Wright lab Journal club, May 17, 2018
From left: Madeline Jarvis-Cross, George Sandler, Samantha Troendle, Stephen Wright, Felix Beaudry, Zoë Humphries, Julia Kreiner, Joanna Rifkin, Tyler Kent, Anna O’Brien, Solomiya Hnatovska, Jasmina Uzunovic, Haoran Xue
Emily Glasgow, Laboratory Technician (Barrett/Wright/Stinchcombe labs)
Emily completed her MSc at the University of Guelph with Jocelyn Smith focusing on pheromone type genotyping and Cry1F resistance in the European corn borer. She joined the Wright, Stinchcombe, and Barrett labs as Lab Technician in January 2023
Mark Hibbins, EEB Postdoctoral Fellow
Mark did his PhD with Matthew Hahn at Indiana University Bloomington, where he developed new theory and methods for inferring and accounting for the effects of introgression in phylogenomics. In his postdoc Mark is using phylogenomic approaches to study the evolutionary causes and consequences of mating system and sex chromosome variation in Rumex.
Zoë Humphries, PhD Student, Co-supervised by Spencer Barrett
Zoë did her undergraduate degree at the University of Waterloo, where she worked on a number of projects including studying molecular phylogenetics of fungi. For her graduate work she is studying the evolution of DNA methylation on the sex chromosomes of Rumex
Tyler Kent– PhD Student
Tyler completed his undergraduate degree in Genetics and Genomics at the University of California, Davis where he worked with Jeff Ross-Ibarra. His graduate work focuses on genome structure and evolution and linked selection in plants.
Cassandre Pyne, PhD Student
Cassandre completed her MSc at the University of Guelph with Elizabeth Mandeville where she focused on the genetic basis of sex determination in Catostomus fishes. Cassandre’s interests include bioinformatics, population genomics, and sex chromosome evolution. Part of her PhD will focus on neo-sex chromosome introgression in Rumex hastatulus.
Joanna Rifkin- Postdoctoral Fellow (Baucom lab, University of Michigan)
Joanna did their PhD with Mark Rausher at Duke University, where they studied the genetics and population genetics of mating system evolution in morning glories. At the University of Toronto, they worked on the evolution of recombination suppression and the comparative genomics of sex chromosome evolution in the genus Rumex, and are now working jointly with the Wright Lab and the Baucom Lab at the University of Michigan on the evolution of flower color and invasion in Hesperis matronalis.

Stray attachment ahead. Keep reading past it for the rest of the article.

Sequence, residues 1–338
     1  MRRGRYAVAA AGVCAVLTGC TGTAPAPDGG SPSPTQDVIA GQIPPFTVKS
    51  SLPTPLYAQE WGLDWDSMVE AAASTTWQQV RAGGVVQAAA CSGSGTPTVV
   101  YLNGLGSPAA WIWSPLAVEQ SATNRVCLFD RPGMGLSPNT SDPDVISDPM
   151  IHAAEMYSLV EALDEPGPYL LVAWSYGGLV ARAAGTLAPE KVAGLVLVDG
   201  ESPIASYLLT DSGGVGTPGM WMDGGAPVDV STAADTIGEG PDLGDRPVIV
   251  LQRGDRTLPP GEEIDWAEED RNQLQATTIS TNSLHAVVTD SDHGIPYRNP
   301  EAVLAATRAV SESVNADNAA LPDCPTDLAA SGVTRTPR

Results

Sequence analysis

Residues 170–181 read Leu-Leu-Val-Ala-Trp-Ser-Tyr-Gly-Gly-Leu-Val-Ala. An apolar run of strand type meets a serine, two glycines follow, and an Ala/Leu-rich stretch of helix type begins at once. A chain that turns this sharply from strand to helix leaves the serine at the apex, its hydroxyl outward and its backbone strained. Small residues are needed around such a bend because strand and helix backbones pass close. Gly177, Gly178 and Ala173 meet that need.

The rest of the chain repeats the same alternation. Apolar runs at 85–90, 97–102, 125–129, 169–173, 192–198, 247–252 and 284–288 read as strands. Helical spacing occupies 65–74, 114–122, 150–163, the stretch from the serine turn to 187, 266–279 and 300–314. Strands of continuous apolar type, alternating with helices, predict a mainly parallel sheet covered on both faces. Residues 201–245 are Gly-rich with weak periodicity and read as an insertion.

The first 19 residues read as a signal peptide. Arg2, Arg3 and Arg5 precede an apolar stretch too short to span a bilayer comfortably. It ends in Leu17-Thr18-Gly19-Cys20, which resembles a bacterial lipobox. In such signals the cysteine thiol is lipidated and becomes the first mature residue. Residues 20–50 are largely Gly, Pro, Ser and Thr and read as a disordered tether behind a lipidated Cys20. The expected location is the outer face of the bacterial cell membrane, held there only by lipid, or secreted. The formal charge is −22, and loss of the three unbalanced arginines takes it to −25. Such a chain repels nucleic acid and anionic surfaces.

Bianca Sacchi- M.Sc. Student
Bianca completed her undergraduate degree in molecular genetics at the University of Alberta where she worked on the population genetics of lodgepole pine. She is currently studying the population genomics of gene expression in Capsella grandiflora.
George Sandler- PhD Student, Co-supervised by Aneil Agrawal
George did his undergraduate degree at the University of Toronto working with Stephen Wright and Spencer Barrett on the role of haploid selection in plant sex chromosome evolution. He is currently working on projects related to the evolution, maintenance and consequences of sexual reproduction in duckweed.
Stephen I. Wright- Professor
cv:Wright_CV (updated April 2019)
Stephen got his PhD at the University of Edinburgh in 2003, working with Deborah Charlesworth, and did a postdoc at the University of California, Irvine, with Brandon Gaut. His research interests are focused on genome evolution, genomic conflicts, and population genomics.
Haoran Xue – PhD Candidate, co-advised with Spencer Barrett
Haoran did his undergraduate degree at Peking University in China, where he worked on several projects including the intraspecific molecular phylogeny of the tiger. He is currently studying the genetic architecture of tristyly, a genetic polymorphism that reduces selfing and promotes outcrossing, in Eichhornia paniculata.
Meng Yuan – PhD Candidate, co-advised with John Stinchcombe
Meng did her undergrad at Sichuan University studying bioinformatics. She is interested in plant gametophytic selection and the evolution of sexual conflict. Her thesis interests span a wide range of species, and she is combining experiments with pollen competition and population genomic analyses to understand the genome-wide importance of haploid selection.